Mine are 1 and 3, both are boys...I don't think they are ready for saws yet haha
 

roamingtimber

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So far may kids ,3 and 2mo, are great in the car and my 3 year old loves running around in camp. He loves sticks and trying to dig to China. He has his own LL Bean sleeping bag and headlamp so night time is just more fun for him. The baby just eats, sleeps and poops no matter what's going on. I agree that starting them early is important. Both of our kids made long road trips early and went camping before they were 6 months old. We also took our son hiking early and will with our daughter as soon as we can.
 

Jacob_S

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All of you describing your children camping is making me feel like a child. I also poke things with sticks then eat sleep and poop. Also a big fan of cutting things, use the axe though, no saw.
My 2 stepsons have not showed much interest going. They are 9 and 10 and they go "camping" with their grandparents in a 35 foot 5th wheel so my tent doesn't look very appealing.
 
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murps

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All of you describing your children camping is making me feel like a child. I also poke things with sticks then eat sleep and poop. Also a big fan of cutting things, use the axe though, no saw.
My 2 stepsons have not showed much interest going. They are 9 and 10 and they go "camping" with their grandparents in a 35 foot 5th wheel so my tent doesn't look very appealing.
"glamping" Glamorous Camping.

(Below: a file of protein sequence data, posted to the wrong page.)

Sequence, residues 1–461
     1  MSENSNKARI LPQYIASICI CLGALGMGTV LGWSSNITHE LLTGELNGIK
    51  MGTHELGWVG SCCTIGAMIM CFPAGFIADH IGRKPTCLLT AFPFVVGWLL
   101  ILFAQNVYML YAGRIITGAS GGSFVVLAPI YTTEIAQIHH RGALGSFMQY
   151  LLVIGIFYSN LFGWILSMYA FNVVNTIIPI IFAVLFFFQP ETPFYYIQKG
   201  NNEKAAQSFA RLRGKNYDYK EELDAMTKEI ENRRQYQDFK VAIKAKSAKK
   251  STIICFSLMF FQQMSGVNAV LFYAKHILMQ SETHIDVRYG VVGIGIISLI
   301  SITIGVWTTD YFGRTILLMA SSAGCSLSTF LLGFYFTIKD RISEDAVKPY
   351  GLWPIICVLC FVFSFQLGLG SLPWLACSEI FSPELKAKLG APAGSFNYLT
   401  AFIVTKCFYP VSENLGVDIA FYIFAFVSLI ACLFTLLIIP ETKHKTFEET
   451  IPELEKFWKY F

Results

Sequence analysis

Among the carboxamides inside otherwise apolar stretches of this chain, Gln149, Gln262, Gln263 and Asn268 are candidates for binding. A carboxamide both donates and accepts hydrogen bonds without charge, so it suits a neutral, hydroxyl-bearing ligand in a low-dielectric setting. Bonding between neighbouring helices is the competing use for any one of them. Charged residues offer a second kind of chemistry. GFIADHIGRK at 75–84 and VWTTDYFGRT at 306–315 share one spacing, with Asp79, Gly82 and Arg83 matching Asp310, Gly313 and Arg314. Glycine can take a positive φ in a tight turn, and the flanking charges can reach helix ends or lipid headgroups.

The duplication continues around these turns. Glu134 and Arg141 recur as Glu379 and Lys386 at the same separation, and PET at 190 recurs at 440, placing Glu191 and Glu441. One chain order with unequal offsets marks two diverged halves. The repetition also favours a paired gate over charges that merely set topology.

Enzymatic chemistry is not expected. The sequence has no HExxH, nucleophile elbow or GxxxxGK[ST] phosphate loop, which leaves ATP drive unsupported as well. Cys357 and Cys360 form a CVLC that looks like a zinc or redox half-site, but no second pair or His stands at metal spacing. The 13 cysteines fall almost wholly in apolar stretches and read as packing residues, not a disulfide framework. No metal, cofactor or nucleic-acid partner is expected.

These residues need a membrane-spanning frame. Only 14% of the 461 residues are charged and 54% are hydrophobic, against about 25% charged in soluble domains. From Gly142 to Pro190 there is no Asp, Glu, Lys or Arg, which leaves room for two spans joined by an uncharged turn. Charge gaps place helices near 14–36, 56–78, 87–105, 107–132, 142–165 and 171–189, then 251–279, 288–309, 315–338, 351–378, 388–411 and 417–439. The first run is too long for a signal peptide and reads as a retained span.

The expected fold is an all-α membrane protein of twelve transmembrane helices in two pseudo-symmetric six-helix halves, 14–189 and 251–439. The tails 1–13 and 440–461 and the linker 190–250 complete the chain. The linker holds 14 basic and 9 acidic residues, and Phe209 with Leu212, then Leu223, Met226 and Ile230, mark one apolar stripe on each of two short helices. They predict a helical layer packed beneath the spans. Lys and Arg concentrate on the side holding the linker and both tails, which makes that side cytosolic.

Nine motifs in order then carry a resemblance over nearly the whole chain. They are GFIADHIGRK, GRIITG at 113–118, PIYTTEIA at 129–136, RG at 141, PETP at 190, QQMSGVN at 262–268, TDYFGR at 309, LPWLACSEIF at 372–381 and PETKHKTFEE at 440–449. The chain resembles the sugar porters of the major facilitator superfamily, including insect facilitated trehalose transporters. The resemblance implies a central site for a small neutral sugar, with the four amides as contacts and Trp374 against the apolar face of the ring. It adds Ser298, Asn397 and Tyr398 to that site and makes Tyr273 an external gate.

Jacob_S

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"glamping" Glamorous Camping.
That's what they do hahaha

They have WiFi and TV. One day I will get them out. With my current platform it will have to be one at a time, I'm thinking of adding a 2500 suburban or something along those lines.
 

roamingtimber

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All of you describing your children camping is making me feel like a child. I also poke things with sticks then eat sleep and poop. Also a big fan of cutting things, use the axe though, no saw.
My 2 stepsons have not showed much interest going. They are 9 and 10 and they go "camping" with their grandparents in a 35 foot 5th wheel so my tent doesn't look very appealing.
Nothing wrong with being a kid. My son has it all figured out, everyday he just wants to have fun, only wants to eat candy. Sounds pretty ideal.
 

BoxRocket

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We have been off-roading and camping as a family from day one. It's always been a priority for me to involve the kids. Each of our kids was going Offroad and camping with us by the age of 3 months. Now they are 15, 13 and 7 yr old twins. I'm fortunate that my wife enjoys the time in the truck and camping but there are some comfort things we bring to keep her and the kids more happy. The game changers for us have been RTTs and a portable toilet with privacy enclosure. Those are definitely must have pieces of gear IMO to keep my wife and daughter happy and comfortable. My boys and I are much easier to please. :)

Some of the things we do to keep the kids entertained is regular stops during drives for short hikes or a little exploring. We send them on scavenger hunts. At camp, we all have assignments for setup, meals,cleanup, and breaking camp. We bring card games and other activities to take the place of electronics.